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I was working on making a collaborative board game where people would build circuits. It went through many revisions, saw many rule changes, and made it pretty far in development. Sadly, difficulties with certain aspects of the rules, and other projects requiring my attention at the time kept me from moving forward anymore on this.

While this won't tell you anything about the game (as I'd like to get back to working on it someday), I will tell you how to make the pieces I used to snap together circuits.

Step 1: Materials & Tools

Materials

  • Electronic Components
  • 1/2" square dowel rod
  • Copper tape
  • Wood Glue (possibly)
  • Magnets (I used neodymium of various sizes...see what works best for you)

Tools

  • Punch
  • Pliers
  • Drill
  • Soldering Iron (and Solder)
  • Saw or other cutting tool

Step 2: Cutting and Shaping

The first step is to cut your dowel into 2 inch lengths.

One of my pieces was going to be a transistor, so I cut a 2 inch piece, and a 1 inch piece, and glued the one inch piece to the center of the other to make a T shape.

Step 3: Prepping for Drilling

A punch was used to hand press a mark in the center of the sides of each end. This mark is where the drill would be centered.

There are 5 sides at each end of the dowels. A punch mark was placed on all 5 sides.

Step 4: Drilling

Find a drill bit large enough to fit your magnets, but smaller then your dowel.

Carefully center the drill bit on the dowel, and drill a hole deep enough for your magnet.

Some of the magnets I was using were larger, so some of the holes I drilled completely through.

If you're not careful, you will drill out part of the dowel you can't really get back (see images)

Step 5: Time for Magnets

Take a magnet and press fit it into each of the holes you drilled.

Keep in mind, the polarity of the magnets is going to be important at some point. You can ensure they're all polarized the same way, or opposite. Just think about how you want it to connect to other pieces before you copper tape over them and can't undue it.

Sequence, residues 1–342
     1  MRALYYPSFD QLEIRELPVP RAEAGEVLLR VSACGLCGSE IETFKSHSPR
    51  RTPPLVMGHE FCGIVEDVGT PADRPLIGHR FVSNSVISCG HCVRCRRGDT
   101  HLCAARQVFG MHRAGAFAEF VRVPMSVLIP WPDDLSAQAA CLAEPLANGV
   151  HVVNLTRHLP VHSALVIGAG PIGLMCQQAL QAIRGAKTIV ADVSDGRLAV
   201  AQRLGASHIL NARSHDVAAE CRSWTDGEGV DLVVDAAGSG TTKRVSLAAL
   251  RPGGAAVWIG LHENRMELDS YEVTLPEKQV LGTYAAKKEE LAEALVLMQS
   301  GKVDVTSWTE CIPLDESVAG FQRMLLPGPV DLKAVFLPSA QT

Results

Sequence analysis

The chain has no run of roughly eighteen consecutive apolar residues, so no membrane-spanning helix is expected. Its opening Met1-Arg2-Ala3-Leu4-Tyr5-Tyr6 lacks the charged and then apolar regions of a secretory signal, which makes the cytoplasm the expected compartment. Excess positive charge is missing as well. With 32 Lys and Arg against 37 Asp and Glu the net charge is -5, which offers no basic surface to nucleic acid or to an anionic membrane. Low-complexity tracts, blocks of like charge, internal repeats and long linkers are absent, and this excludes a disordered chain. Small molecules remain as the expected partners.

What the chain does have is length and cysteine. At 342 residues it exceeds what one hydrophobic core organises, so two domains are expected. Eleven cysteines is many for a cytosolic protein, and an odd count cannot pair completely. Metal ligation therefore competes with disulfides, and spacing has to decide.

Step 6: A Bit of Copper Tape

  1. Images 1&2
    • Cut a couple strips of copper tape. See the first two images for the lengths I used.
  2. Image 3-4
    • I wrapped the copper tape so it made one complete revolution, and and still had enough for two more sides. I left this part unstuck.
  3. Image 5-7
    • I then took the other piece of copper tape, and taped it across the end of the dowel.
  4. Image 8
    • The component was placed so the leads were resting on each end of the copper tape. Ensure it's sitting on both pieces of copper tape, and both pieces of copper tape are visible.
  5. Image 9
    • Solder one lead of the component to both pieces of copper tape. This ensures both pieces of copper tape are electrically connected to the component. Then do the same to the other lead.
  6. Image 10-11
    • Finally, tape the remaining bit of copper tape down, happy in the knowledge that everything is connected.

Follow this sequence for however many components you want to make, and by the end, you'll have a whole set of components you can quickly snap together to try stuff out with. Mine are all sadly in storage right now, so I have no shots of all of them. But all the components you see in the materials step on the table were turned into blocks, and another block had a battery pack on it.

Hopefully this is useful to someone out there.

<p>That's a great idea! It looks really similar to <em>LittleBits,</em> But probably waaaaaaaaay cheaper!</p>
Hahahahaha...yeah...thankfully I didn't have to buy anything as I had everything on hand. But yeah, if you don't already have magnets...that's the one part that will get kind of costly.
<p>Magnets... Costly?</p><p>I've bought 20 super strong neodymium magnets on eBay for ~$2. The only problem is that you'll need a super strong adhesive because they're so strong!</p><p><a href="http://www.ebay.com/itm/20pcs-n50-round-neo-magnets-d-10-x-1-5-mm-rare-earth-neodymium-magnets/231401426650?hash=item35e0998eda">http://www.ebay.com/itm/20pcs-n50-round-neo-magnet...</a></p>
<p>No...that's very true. What I meant by costly is an idea for a revision. I thought it would be good to use 1/2&quot; squared magnets on each end of the block. That way you don't need to drill anything. You can just glue a magnet to the end of the wood and call it good. The bigger the magnet, the more it costs...</p><p>But you're right...still way cheaper then Little Bits :-D...though...Little Bits do have a lot more tech on them.</p>
<p>I'm sold on this! LittleBits is open-source, so the tech is freely transferable. The blocks could be wider to accommodate larger components and double magnets.</p><p>Just a thought - Copper plate the magnets and dispense with the tape?</p>
<p>Do the magnets ever cause the electronic circuits to malfunction (e.g. in an LRC circuit)?</p>